MRR Review: "Parker"

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Jason Statham and Jennifer Lopez team up in this crime thriller about a professional thief with a unique code of ethics. Parker (Statham) has been double-crossed by his crew, his stash stolen before he's left for dead. Determined to get even, he dons the disguise of a rich Texan before heading down to Palm Beach, where the crew is planning their biggest heist ever. With the help of an unlikely partner (played by Jennifer Lopez), Parker devises a plan to hijack the score, take everyone down and get away clean. Based on a best-selling novel by Donald E. Westlake.
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MRR Review: "Parker"

-- Rating: R
Length: 118 minutes
Release Date: January 25, 2013
Directed by: Taylor Hackford
Genre: Action, Crime

Is there anything that action star Jason Statham can't do? Whether it's jumping from a moving vehicle, scaling a building, or taking down a bad guy, he manages to do at all in style. In "Parker," he gets the chance to showcase his action talents with Jennifer Lopez on his arm.

The character of Parker (Statham, "The Transporter") appeared in dozens of films since Donald E. Westlake created the character in the 1960s, but this film from director Taylor Hackford ("The Devil's Advocate") updates the character for a new generation. While the action sometimes feels a little formulaic, the film offers the action that fans expect from Statham.

"Parker" opens with a shot of a priest staging a robbery in the middle of a state fair. Within seconds, the priest reveals himself as Parker, a professional robber stuck with a group of men who care more about the score than the people around them. Parker steps up to help protect those stuck in the crossfire, which doesn't please Melander (Michael Chiklis, "Fantastic Four"), the leader of the gang.

Melander makes a deal with Parker: help him on a future job, and he can walk away with a large amount of money. When he refuses, Parker finds himself near death. Parker later confronts his former crew in Miami, where he disguises himself as a Texas oil tycoon. Once he meets a real estate agent named Leslie (Lopez, "The Back-Up Plan"), his plans change. It doesn't take long for Leslie to discover his true identity, but instead of turning him into the police or his crew, she agrees to help him in exchange for a reward.

Lopez recently took a break from acting to focus on her career as a singer and judge on "American Idol." Her most recent films were romantic comedies that seldom stretched her range as an actress. With "Parker," she finally gets a chance to show off her talented side. The chemistry between Statham and Lopez is palpable, and that chemistry might remind some of the chemistry that she shared with George Clooney in "Out of Sight."

The only problem with Lopez is that she can't quite keep up with Statham when it comes to the action scenes. Statham often does his own stunts, and he has years of experience as an action star under his belt. When the two share scenes that involve any type of danger or adventure, Lopez seems to disappear into the background. It almost feels like the director added her into the scene because she's Jennifer Lopez and a star of the film, and those scenes might do better if the director just let Statham do what he does best.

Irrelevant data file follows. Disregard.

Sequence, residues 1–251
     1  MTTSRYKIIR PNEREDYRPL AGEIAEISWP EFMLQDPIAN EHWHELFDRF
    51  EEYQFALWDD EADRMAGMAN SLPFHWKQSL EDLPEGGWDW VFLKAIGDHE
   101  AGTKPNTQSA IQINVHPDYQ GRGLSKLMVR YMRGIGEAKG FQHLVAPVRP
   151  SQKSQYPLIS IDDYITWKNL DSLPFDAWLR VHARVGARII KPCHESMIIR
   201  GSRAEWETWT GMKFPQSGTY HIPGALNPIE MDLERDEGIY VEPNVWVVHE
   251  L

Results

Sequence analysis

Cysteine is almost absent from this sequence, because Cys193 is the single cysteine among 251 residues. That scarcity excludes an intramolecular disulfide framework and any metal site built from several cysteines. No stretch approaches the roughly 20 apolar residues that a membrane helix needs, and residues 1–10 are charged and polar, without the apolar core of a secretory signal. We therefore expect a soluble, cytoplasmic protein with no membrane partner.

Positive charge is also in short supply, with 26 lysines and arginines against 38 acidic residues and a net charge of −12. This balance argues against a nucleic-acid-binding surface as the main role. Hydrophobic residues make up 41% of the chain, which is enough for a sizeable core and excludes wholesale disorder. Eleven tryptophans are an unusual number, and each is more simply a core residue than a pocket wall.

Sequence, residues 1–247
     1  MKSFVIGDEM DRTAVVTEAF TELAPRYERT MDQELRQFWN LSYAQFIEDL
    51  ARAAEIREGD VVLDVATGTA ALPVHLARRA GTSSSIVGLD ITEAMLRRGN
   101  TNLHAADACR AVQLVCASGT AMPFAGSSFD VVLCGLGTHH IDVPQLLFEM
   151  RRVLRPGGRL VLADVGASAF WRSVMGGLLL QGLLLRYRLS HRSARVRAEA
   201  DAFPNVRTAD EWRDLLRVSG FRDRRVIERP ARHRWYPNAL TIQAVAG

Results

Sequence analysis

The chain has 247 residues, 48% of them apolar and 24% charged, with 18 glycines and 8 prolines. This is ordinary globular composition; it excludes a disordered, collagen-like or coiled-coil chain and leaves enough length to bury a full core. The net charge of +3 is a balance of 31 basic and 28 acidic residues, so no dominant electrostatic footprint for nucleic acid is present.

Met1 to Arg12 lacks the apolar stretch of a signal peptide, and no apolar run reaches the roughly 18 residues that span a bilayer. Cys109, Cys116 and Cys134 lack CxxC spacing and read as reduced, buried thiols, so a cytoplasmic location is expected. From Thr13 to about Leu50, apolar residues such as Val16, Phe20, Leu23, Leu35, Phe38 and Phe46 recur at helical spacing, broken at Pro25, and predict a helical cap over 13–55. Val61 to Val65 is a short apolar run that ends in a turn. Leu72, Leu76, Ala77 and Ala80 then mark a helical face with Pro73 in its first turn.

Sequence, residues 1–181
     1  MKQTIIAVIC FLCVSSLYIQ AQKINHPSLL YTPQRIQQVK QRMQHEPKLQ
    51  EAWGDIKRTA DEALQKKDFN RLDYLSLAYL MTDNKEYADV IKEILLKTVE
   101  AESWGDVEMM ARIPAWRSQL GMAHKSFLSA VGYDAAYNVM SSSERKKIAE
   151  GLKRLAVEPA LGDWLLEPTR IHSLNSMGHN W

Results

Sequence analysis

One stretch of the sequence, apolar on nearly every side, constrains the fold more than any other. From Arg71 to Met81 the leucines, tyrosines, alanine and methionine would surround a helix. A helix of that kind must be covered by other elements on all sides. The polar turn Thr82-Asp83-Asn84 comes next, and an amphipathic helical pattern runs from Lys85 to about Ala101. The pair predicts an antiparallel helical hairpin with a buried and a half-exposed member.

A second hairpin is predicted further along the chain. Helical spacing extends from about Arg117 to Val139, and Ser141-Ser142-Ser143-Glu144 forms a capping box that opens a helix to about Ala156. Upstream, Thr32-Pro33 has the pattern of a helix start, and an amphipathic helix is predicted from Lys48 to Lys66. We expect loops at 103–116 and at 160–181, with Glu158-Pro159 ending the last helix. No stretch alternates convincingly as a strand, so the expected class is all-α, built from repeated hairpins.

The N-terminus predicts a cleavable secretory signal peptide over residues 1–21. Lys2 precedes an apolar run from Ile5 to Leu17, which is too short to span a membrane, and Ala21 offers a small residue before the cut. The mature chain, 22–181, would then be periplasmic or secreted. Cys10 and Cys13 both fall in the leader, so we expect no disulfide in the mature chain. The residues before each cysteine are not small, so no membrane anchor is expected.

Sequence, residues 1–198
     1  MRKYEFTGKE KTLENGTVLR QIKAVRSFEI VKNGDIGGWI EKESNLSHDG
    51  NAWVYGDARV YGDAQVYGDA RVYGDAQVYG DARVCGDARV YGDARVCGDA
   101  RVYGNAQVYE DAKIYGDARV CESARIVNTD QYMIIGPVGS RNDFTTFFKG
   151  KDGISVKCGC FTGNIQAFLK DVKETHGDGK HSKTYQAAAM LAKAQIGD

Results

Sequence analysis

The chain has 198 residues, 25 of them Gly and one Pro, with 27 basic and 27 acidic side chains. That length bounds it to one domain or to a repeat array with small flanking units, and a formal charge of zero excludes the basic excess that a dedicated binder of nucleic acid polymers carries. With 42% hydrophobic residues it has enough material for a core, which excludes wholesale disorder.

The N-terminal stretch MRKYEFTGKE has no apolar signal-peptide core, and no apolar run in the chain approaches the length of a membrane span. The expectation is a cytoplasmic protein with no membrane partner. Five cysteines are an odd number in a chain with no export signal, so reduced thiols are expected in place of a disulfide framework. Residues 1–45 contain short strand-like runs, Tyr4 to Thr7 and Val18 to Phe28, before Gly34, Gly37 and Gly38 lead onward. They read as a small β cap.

Statham is clearly the star of "Parker," but the director enjoys dressing him in silly costumes throughout the film. Those who saw the trailer might have noticed the scenes with Statham dressed in a large cowboy hat and trying to pull off a Texas accent. Those cringe-worthy scenes also made it into the film as well as a few scenes where Statham tries out other costumes, including the previously mentioned priest getup.

Overlooking those moments is easy though because "Parker" is a great film, and many of the best scenes rest solidly on Statham's soldiers. Fans of his previous action films will notice a few throwbacks to his previous films. Statham is like a modern-day MacGyver, grabbing whatever tools or items he has on hand to dispense with the bad guys. In one particularly memorable scene, he grabs the lid from a toilet tank to take down one of his foes.

Statham shares several scenes with Emma Booth, the actress playing his girlfriend, and the two have a realistic chemistry that will keep viewers entertained. Nick Nolte also shows up in the film, portraying the father of Parker's girlfriend. Nolte also serves as the heart of the film, acting like a father figure and mentor to the rogue hero. While he doesn't have many scenes in the film, viewers take notice every time Nolte appears onscreen.

"Parker" is based on one of Westlake's classic dime store paperbacks, and Hackford does a smart job of sticking to the original plot. Far too many previous Westlake outings added too many new characters and storylines that detracted from the plot of the book. Hackford keeps things basic and simple, letting the actors tell the story.

While some fans might find "Parker" lacking the action of Statham's previous outings, it is still a solid and entertaining film. Those who want to see Statham take on an iconic character and dispense some old-fashioned justice will enjoy "Parker."

Rating: 3 out of 5 stars